Tuesday, March 12, 2013

Here it is! The results of my one week challenge to myself. Turns out if I push it I can make one in a week. This one is considerably smaller than most. measuring only 20 x 9.5 inches- which honestly felt a lot like cheating.  Here's the final product:

I learned a lot this week about my process and about color.

 I set out to make a white on white piece. I just couldn't do it. I love color. Mixing color is one of the most satisfying tings I do on a regular basis. Producing a color that is what I'm feeling is such an engaging process- its accurate for me than writing a sentence. Joseph Albers changed how I think about color.  I used to leave materials raw and unfinished. Now- I can't say 'no' to slapping paint on things. I struggle now with how to pair colors to make the most impact. I am most challenged by picking out the right color of varnish to enhance the painting underneath. Below is the painting with the layer of varnish applied, but not buffed.

Below is the piece before the varnish. Notice how lively it feels in comparison to the 'finished' piece at the top of this entry.

All in all- I think I had a pretty successful 'challenge' week. The finished product may not be my favorite, but hey, I'm pretty picky. Thanks for taking the time to check this out!

Friday, March 8, 2013

Art + Craft + Design = Process.

Recently I had a great conversation with a friend about the difference between art, craft, and design- a touchy topic to say the least for anyone that works in those fields. To me- its all one be glob of wibbly wobbly mashed up and overlapping stuff. Really, its all the same. Art, craft, and design are all elements of what makes a piece successful. All the paintings in the Louvre would mean nothing if they weren't painted on well made canvas that hasn't warped over the centuries. Additionally, if the Mona Lisa's face was not a golden rectangle would we still feel the same way about it? I'm inclined to say it is how it was designed that makes it remarkable, not how it was painted.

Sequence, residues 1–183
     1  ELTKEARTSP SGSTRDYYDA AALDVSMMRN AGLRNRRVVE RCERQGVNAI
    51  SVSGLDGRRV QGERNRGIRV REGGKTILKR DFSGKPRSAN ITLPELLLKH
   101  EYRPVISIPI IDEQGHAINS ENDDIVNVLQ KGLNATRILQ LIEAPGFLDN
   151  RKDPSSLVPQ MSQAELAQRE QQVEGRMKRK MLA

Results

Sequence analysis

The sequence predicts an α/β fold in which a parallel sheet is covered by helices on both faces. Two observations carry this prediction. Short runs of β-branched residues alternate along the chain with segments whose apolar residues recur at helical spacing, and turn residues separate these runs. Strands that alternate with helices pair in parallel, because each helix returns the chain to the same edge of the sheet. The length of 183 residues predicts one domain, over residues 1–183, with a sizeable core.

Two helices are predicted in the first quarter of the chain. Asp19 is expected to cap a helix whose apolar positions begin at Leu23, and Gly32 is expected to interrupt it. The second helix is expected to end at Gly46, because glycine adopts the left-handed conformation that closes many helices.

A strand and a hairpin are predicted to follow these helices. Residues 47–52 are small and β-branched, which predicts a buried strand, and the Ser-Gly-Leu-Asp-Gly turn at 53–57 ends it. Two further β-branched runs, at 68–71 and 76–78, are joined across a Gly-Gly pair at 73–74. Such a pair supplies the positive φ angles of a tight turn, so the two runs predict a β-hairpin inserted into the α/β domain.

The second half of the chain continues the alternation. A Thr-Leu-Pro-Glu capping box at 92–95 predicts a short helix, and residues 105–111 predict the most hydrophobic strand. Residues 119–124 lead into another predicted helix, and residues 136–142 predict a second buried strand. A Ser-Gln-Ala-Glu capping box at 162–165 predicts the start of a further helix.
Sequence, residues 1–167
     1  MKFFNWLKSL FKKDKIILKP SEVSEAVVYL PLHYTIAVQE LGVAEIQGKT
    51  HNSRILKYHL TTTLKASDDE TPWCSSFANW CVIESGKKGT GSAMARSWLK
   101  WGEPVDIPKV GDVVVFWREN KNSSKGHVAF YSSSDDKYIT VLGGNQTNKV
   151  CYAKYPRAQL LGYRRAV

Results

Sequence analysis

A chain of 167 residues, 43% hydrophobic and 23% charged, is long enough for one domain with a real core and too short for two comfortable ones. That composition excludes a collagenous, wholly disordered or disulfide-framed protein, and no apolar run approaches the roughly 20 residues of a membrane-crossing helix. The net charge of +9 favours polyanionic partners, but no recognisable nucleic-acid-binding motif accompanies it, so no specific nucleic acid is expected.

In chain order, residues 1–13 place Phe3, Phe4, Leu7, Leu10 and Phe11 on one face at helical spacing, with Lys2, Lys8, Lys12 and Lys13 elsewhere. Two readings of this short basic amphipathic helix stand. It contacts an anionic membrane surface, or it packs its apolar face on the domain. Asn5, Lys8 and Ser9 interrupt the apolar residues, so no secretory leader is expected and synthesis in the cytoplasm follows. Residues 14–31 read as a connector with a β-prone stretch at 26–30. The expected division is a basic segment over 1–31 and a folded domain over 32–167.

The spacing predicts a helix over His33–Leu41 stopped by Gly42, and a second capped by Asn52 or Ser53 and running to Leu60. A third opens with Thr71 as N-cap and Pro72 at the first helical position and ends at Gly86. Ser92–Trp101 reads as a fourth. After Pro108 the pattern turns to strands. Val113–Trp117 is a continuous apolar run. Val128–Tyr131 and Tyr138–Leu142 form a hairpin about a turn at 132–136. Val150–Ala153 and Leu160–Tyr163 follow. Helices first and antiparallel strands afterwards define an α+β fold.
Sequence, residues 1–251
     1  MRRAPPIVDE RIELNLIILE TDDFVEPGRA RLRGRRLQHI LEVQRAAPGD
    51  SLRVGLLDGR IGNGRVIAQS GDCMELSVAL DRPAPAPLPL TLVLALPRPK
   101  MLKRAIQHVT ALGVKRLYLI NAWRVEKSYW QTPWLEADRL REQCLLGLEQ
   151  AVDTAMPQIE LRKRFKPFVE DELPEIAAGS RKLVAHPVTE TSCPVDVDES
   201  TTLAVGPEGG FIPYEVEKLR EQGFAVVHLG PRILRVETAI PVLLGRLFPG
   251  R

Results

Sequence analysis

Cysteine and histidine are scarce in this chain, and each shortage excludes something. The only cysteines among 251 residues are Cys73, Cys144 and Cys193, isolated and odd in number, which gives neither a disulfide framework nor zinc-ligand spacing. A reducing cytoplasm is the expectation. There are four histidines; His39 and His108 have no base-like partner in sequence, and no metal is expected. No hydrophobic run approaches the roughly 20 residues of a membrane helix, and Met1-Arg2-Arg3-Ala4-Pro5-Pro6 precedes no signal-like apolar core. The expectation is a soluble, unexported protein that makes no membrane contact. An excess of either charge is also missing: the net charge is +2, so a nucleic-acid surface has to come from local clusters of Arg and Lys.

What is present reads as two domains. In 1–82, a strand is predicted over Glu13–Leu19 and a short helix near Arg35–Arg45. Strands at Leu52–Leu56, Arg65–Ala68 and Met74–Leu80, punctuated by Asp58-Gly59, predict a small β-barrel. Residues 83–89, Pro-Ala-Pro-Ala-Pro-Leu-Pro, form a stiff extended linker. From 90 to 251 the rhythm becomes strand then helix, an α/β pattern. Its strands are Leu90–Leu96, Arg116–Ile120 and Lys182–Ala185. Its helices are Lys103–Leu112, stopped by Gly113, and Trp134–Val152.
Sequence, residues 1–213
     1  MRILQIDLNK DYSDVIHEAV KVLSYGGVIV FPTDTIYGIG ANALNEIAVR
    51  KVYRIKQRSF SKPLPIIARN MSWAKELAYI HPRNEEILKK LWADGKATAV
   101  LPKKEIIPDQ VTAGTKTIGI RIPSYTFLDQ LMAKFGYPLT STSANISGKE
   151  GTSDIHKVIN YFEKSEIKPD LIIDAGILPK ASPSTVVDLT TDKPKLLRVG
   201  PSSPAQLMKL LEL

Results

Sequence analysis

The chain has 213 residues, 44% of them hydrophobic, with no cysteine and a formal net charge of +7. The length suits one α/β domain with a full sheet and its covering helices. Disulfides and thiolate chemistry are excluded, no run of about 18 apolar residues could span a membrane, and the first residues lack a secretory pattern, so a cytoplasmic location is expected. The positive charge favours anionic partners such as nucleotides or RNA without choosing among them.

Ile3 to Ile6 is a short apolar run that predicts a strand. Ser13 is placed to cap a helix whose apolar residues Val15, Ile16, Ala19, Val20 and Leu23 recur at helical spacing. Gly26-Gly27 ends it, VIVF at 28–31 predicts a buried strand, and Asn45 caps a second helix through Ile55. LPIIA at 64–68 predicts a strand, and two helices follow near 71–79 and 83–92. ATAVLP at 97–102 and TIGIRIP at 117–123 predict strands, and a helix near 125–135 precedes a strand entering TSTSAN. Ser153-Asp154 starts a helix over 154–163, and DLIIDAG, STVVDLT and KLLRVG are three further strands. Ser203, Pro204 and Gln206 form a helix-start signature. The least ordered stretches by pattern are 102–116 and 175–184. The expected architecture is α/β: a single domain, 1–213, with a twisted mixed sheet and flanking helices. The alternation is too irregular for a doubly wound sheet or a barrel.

I have been struggling whether or not I make art or if I craft well designed pieces. I'm leaning towards design. After six years of art school, I still don't know the difference.  In the end it doesn't matter because it is genuinely the process of making my work that drives me to do it.

For the past week I have been working on a piece that I have shown to no one. Its nothing special, just a quick design I drew up after an offhand comment from a friend. However, it gave me focus and an excuse to make something that doesn't directly fit in with my birds of prey and Columbia River Gorge theme.  This piece (not shown) to me is most definitely not art. There was very little thought behind it. For me it was a challenge of process and design. Would it be a successful piece if I applied a spackling of theme to it- but focused mainly on my formula for design and construction? I am super anxious about this one. Especially after what happened to 'Pear Bomb' when I finished it.

'Pear Bomb' in the very beginning.

oh the colors!

  I had such high hopes for it- not that it was a bad piece- but it changed so much when I varnished it. Sometimes, I get deeply attached to what I think a piece should look like that I fail to appreciate it for what it looks like. A week after my initial knee jerk reaction to hate 'Pear Bomb' has done a complete 180. It is rapidly becoming my favorite, but that's probably because I like the design of the thing, the texture, color, and contrast.

In the end I'm not so sure that the finished product matters all that much to me. Its done. The journey is over and hopefully I learned something in the process and have made something that someone will enjoy for years to come. Maybe, one day, a 'Pear Bomb' will end up in your life- and you will grow to love it for what it is.